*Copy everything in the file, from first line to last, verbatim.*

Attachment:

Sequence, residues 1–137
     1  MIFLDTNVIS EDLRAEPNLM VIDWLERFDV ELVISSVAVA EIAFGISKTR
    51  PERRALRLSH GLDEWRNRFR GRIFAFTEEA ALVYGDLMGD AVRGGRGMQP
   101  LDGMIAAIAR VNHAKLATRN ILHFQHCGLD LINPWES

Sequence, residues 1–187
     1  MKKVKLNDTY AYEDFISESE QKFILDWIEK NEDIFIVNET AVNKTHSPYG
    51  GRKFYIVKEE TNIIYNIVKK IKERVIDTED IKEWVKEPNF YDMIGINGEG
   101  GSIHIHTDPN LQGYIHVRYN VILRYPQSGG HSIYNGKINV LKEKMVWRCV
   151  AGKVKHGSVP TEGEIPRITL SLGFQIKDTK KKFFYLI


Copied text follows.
Sequence, residues 1–137
     1  MIFLDTNVIS EDLRAEPNLM VIDWLERFDV ELVISSVAVA EIAFGISKTR
    51  PERRALRLSH GLDEWRNRFR GRIFAFTEEA ALVYGDLMGD AVRGGRGMQP
   101  LDGMIAAIAR VNHAKLATRN ILHFQHCGLD LINPWES

Sequence, residues 1–187
     1  MKKVKLNDTY AYEDFISESE QKFILDWIEK NEDIFIVNET AVNKTHSPYG
    51  GRKFYIVKEE TNIIYNIVKK IKERVIDTED IKEWVKEPNF YDMIGINGEG
   101  GSIHIHTDPN LQGYIHVRYN VILRYPQSGG HSIYNGKINV LKEKMVWRCV
   151  AGKVKHGSVP TEGEIPRITL SLGFQIKDTK KKFFYLI